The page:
A Photo Exhibition “The Tragedy of South Ossetia” and screening of the feature film “Olympius Inferno”, to commemorate the third anniversary of the repulse of the Georgian aggression by South Ossetia with assistance of Russia (August 7—12, 2008), jointly organized by the Russian Centre of Science and Culture and the Embassy of the Russian Federation in India on August 5, 2011.
Addressing the gathering, Mr. Sergey Karmalito, Senior Counsellor, Embassy of the Russian Federation in India, said that Russia acknowledged the independence of South Ossetia and another Transcaucasian Republic Abkhazia in order to prevent the regional humanitarian disaster. The Russian troops remain on the territory of these republics with the sole purpose of defending its citizens, and all the responsibility for the events of August, 2008 and for the continuing abnormal situation in the Russian—Georgian relations lies entirely with President M. Saakashvili and his inner circle. Mr. Karmalito said that Georgia is a country with which Russia has been very close for centuries and shares common history and tradition, and Russia will always consider Georgian people as friends. He added that the people of South Ossetia unequivocally expressed their will for independence during the referendum in 1992. About 95 per cent of South Ossetians chose to become Russian citizens, and in that situation, the Russian Federation had no other option but to protect its citizens and force the official Tbilisi to talk peace.
Making his observation, Major Dalbir Singh, Secretary, All-Indian Congress Committee, pointed out that under the cover of darkness, the Georgian aggressors have attacked South Ossetia, practically destroying its capital, the quiet town of Tskhinval, killing the Russian peace-keepers, civilians, old men, women and children. This treacherous bloody attack, backed by the silent approval of some Western countries, has become the logical crescendo of the adventurist politics of the Georgian president M. Saakashvili. The Georgian aggression and the genocide of the South Ossetian people were stopped only by the resolute interference of Russia. He also said that Russia calls for negotiations between Georgia, South Ossetia and Abkhazia, which are vital for the development of these three republics.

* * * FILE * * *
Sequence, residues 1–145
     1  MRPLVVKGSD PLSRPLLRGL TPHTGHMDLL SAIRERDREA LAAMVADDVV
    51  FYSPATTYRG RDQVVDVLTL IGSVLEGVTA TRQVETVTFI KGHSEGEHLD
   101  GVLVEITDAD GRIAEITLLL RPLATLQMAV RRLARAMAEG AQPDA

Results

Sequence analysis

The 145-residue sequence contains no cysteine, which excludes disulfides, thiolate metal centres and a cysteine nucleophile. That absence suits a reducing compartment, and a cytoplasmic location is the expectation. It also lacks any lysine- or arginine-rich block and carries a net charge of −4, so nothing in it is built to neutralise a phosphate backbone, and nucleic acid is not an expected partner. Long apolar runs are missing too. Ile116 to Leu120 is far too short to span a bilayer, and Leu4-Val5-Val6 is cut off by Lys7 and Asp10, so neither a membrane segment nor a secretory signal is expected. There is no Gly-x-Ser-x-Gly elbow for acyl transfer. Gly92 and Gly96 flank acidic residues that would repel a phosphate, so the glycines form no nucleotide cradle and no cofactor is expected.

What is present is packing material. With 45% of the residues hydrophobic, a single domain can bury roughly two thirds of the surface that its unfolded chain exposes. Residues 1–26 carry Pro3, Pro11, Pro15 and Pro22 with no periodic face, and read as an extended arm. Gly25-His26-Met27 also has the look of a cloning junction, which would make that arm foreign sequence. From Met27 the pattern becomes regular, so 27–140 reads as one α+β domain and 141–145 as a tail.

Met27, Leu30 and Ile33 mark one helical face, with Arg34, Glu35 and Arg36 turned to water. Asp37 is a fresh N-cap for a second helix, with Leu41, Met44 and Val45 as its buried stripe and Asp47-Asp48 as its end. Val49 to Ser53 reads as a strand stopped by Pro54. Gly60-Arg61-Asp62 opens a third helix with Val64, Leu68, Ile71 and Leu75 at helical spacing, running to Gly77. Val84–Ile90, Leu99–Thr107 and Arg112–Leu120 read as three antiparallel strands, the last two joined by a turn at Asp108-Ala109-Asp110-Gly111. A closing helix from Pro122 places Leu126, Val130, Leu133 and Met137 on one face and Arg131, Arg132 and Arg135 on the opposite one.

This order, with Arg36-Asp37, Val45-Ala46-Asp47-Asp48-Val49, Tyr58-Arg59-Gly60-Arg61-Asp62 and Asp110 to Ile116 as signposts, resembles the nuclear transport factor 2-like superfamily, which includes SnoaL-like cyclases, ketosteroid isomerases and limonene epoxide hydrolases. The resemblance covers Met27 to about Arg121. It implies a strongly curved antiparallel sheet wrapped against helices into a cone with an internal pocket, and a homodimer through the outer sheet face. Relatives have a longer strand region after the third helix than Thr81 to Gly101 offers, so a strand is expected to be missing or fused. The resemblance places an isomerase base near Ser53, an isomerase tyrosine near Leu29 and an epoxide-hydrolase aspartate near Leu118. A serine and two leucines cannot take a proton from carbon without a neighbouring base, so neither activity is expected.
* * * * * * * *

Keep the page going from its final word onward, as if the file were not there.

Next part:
While making an overall assessment of the situation in Georgia, Dr. Nivedita Das Kundu, Foreign Policy Analyst, Assistant Director, Indian Council of Social Sciences Research, noted that the conflict in the region ended with the signing of the peace plan by Russia and Georgia on August 16, 2008, and the agreement contained a provision that allowed Russia to implement additional security measures on a temporary basis ahead of the arrival of international ceasefire monitors. The salient feature of the new geo-political reality is that geographical factors are closely linked with the politico-security issues. The main argument illustrates that the excessive emphasis on the geo-political and geo-strategic aspects led to an increased security threats and security risk in the South Caucasus region, which in a way led to a global security concern.
Sharing his impressions, Brig. Arun Sahgal, Joint Director, Institute of National Security Studies, deplored the interference by the Western forces in the region, which in the long run has resulted in great catastrophe to human lives, while Russia has deployed the peace-keepers to restore peace and tranquility, stability and security there. The US involvement in the Transcaucasus region has evoked strong overall criticism, and the US interest in the South Caucasus region began in 1994, spearheaded by two camps: the department of defence and oil industry. Georgia is too keen in developing close ties with NATO, and Georgia’s interest in NATO peace-keeping operations signifies effective support for NATO’s expansion in the South Caucasus region, which in a way increases security concern for Russia, he said.